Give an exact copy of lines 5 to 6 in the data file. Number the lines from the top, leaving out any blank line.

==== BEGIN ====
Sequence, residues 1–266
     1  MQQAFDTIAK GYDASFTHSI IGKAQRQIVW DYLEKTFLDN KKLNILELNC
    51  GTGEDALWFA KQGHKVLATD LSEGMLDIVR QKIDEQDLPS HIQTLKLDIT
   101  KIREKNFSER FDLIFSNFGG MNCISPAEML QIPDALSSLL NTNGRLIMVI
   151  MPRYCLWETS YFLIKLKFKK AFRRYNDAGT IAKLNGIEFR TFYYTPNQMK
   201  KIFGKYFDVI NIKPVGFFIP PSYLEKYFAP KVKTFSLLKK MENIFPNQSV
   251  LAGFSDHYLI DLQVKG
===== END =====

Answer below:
   151  MPRYCLWETS YFLIKLKFKK AFRRYNDAGT IAKLNGIEFR TFYYTPNQMK
   201  KIFGKYFDVI NIKPVGFFIP PSYLEKYFAP KVKTFSLLKK MENIFPNQSV